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FROM THE END OF THE COLD WAR TO A NEW GLOBAL ERA?

DR. LASZLO SARKANY


DEPARTMENT OF POLITICAL SCIENCE
KING’S UNIVERSITY COLLEGE @ THE UNIVERSITY
OF WESTERN ONTARIO
THE COLD WAR – SOME CHARACTERISTICS

• 1944 – 1989
• Concerned: superpowers (USA; USSR)
• Emergent protectorates caused a global
ideological divide into a communist ‘East’
and a capitalist ‘West’
• (Nuclear) arms race led to a security dilemma among the two
superpowers
• The attendant reduction or concentration of conflicts created
its own form of stability
• However, few envisioned the end of the bipolar system (and
thus the end of the Cold War)
THE US AND THE UNIPOLAR MOMENT

• The collapse of the Soviet Union


left the United States the
overwhelmingly dominant force in
the world – a “hyperpower”
• Caused important US foreign policy
changes from isolationism to global engagement
• This was consolidated by the Clinton administration:
- concentrated on economic engagement and leverage
- pushed hard for NATO enlargement
AFTER THE SOVIET UNION

• The Soviet Union denoted a select


club of nations, controlled by Russia
• Despite evident power and influence it
disappeared at the end of the cold war
• Consequential difficulties were:
- displacement of ethnic/national Russians, who were now located
outside their home country.
- Russia’s relationship to former Soviet states: found it hard to
think of them in anything but imperial terms
- Change in regional economics from a centralized system to
Western-style privatization: caused to severe economic shocks
EUROPE: RISE AND DECLINE?
• The new united Europe, with its open borders,
democratic institutions and reduced external
threats appeared to have a lot to look forward to
• Ideas were mooted to set up specific European
security arrangements
• Dividing lines included the view of the role of the
state and the reach and depth of the EU
• Europe: an economic and soft power giant, but a
military dwarf?
• The 2008 economic crisis is considered Europe’s
most serious since 1945
• Most notably, it has given rise to much Euroscepticism over the past
years (e.g. Brexit, 2016)
A NEW ASIAN CENTURY?

• In the decades after WW2, the


continent was plagued by cold war/
super-power-led conflicts
• Post-Cold War Asia has been relatively
stable and peaceful
• In spite of some bleak predictions the region underwent rapid
economic developments (in part helped by cheap US security
arrangements)
• China is the main economic engine, but its ascent has also
increased regional tension
A NEW GLOBAL SOUTH

• The Third World affected and was very


much affected by, cold war dynamics
• The “Third World” as a political project
was intended to bring ‘real’ independence
from the West
• In many cases it was brought down by corruption and instability.
• The imposition of Western-style structural reforms and debt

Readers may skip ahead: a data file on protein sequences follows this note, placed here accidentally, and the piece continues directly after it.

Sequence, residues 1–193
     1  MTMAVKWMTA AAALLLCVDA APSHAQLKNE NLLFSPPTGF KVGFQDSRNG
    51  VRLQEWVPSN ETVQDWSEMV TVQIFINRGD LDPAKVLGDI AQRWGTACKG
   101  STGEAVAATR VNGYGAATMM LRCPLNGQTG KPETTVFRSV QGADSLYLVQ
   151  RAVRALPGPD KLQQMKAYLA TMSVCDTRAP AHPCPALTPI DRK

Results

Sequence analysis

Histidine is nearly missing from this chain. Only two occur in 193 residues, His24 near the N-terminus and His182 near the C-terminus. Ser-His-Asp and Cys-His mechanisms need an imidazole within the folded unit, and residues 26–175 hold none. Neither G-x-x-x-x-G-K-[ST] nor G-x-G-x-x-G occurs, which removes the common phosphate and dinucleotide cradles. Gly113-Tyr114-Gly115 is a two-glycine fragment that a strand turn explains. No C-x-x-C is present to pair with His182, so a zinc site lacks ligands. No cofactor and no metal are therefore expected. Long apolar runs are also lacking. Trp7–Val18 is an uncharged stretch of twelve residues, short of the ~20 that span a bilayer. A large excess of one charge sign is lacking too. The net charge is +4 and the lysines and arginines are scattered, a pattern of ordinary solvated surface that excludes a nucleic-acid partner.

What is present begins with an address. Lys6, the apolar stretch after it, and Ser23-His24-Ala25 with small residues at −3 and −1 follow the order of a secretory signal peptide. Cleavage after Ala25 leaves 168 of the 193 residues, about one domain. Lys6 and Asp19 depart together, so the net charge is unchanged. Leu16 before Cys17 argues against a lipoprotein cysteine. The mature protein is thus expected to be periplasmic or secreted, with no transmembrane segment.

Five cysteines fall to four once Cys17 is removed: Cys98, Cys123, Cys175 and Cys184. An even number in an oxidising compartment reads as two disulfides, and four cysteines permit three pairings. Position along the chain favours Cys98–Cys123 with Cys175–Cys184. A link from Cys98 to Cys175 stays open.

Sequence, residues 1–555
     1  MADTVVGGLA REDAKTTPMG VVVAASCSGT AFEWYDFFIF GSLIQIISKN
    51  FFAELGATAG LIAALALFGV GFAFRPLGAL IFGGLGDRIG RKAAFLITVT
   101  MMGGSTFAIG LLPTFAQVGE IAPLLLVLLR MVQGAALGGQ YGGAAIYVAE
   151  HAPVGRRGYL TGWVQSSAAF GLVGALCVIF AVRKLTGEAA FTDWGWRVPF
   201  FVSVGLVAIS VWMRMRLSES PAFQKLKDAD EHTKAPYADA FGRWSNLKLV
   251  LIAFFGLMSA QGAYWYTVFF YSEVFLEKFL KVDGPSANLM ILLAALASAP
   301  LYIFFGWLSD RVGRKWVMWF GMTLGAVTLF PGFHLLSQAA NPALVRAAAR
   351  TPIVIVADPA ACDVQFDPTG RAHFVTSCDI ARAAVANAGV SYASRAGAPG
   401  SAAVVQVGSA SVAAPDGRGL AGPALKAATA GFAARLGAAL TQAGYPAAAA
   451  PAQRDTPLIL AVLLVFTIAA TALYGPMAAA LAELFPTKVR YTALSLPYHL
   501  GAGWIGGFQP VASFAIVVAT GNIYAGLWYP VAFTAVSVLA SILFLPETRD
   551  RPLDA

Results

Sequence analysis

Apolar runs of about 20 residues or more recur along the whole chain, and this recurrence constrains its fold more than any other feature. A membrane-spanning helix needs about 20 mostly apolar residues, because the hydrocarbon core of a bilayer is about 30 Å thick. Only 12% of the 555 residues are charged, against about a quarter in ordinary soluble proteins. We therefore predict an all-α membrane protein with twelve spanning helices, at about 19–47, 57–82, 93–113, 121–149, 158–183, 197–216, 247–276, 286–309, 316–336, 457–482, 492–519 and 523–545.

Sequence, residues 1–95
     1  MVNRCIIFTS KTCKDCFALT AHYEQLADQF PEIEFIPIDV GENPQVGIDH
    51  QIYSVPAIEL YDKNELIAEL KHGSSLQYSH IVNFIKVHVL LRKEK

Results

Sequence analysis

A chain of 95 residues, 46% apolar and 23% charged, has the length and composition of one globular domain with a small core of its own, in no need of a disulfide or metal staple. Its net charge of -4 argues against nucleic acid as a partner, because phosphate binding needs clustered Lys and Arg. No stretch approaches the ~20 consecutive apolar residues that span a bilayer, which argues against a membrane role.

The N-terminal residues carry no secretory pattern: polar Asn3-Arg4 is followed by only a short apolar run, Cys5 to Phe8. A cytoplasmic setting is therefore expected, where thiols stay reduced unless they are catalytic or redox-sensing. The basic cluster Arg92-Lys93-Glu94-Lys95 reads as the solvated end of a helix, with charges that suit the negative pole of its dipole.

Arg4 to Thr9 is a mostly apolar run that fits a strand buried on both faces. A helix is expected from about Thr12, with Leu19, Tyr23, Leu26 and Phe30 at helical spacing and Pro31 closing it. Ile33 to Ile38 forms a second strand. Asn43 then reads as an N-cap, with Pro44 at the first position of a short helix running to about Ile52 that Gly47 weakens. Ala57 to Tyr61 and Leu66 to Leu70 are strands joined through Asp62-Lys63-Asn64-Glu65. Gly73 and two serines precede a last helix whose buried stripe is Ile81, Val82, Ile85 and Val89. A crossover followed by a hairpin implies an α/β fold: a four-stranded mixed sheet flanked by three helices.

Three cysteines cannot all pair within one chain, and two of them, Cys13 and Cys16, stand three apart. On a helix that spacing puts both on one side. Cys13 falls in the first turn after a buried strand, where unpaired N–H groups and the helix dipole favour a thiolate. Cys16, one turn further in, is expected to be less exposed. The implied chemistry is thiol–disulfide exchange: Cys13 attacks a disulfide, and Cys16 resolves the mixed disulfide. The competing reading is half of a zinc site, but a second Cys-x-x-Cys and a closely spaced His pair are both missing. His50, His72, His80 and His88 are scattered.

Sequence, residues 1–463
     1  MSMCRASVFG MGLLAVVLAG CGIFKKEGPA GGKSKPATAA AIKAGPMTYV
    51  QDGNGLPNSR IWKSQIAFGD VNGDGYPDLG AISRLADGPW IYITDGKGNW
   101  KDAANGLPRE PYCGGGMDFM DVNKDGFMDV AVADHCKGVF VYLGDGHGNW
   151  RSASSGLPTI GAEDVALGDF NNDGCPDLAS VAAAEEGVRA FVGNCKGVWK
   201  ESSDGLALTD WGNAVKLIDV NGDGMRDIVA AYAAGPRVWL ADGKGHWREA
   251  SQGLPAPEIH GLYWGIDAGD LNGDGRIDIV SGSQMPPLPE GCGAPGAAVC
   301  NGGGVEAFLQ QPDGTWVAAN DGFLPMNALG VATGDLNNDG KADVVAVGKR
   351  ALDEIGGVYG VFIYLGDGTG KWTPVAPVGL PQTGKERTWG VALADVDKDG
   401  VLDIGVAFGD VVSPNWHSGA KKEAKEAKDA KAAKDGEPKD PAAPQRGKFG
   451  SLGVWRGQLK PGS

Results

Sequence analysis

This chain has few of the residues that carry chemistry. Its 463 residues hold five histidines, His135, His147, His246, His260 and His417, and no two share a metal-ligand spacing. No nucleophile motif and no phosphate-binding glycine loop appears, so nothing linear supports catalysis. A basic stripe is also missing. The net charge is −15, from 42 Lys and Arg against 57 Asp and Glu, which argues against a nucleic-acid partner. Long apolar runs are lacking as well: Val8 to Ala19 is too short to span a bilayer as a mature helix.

servicing has left both burdens and a lingering resentment
• The new global South is characterized by major reforms and the
(re)joining of world markets
FROM 9/11

• If the end of the cold war marked a


great turning point in modern inter-
national relations, 9/11 marked another
• The new sort of terrorist threat meant
that old defense methods were less relevant
• One US response was nevertheless a sharp militarization of
foreign policy – and the notion that the status quo
(particularly in the Middle East) was not sacrosanct
• These policy reforms proved largely counterproductive
ARAB SPRING
• In the early 2010‘s peoples in the Middle East began to throw
off autocratic rulers
• Turned increasingly bloody with NATO‘s intervention in Libya
 destabilizing power vacuum
• One of the worst example is perhaps Syria
• By 2016 the conflict here resulted in:
- over half its population to be displaced
- ca. 3 mil. Syrian refugees abroad
- at least 400,000 deaths
• The emergence of the terrorist group ‘Islamic State’ is largely
attributed to the unstable political situation in post-Arab
Spring Syria/Iraq
CASE STUDY I: THE ARAB-ISRAELI CONFLICT

• Between Israel and surrounding Arab states


• Between Israel and Palestine in particular
• Historically fuelled conflict:
- exclusive claims to the land
- religious rivalries
• Many believe, there is little hope for reconciliation. Do you
agree?
OPPOSING OPINIONS: WILL THE 21ST CENTURY BE
ASIAN?

Advocates Opponents
• Asia‘s economic rise over the • Asia‘s economic rise is
past 20 yrs. is unstoppable. largely dependent on
• Western powers will no longer Western investment and the
singularly be able to run Western economic model.
international institutions. • Western countries remain
• Economic- and foreign policy leading powers in the global
weakening in the West unites economy.
the Asian continent as a global
power. • Much of Asia’s advances are
indebted to U.S. support in
the region.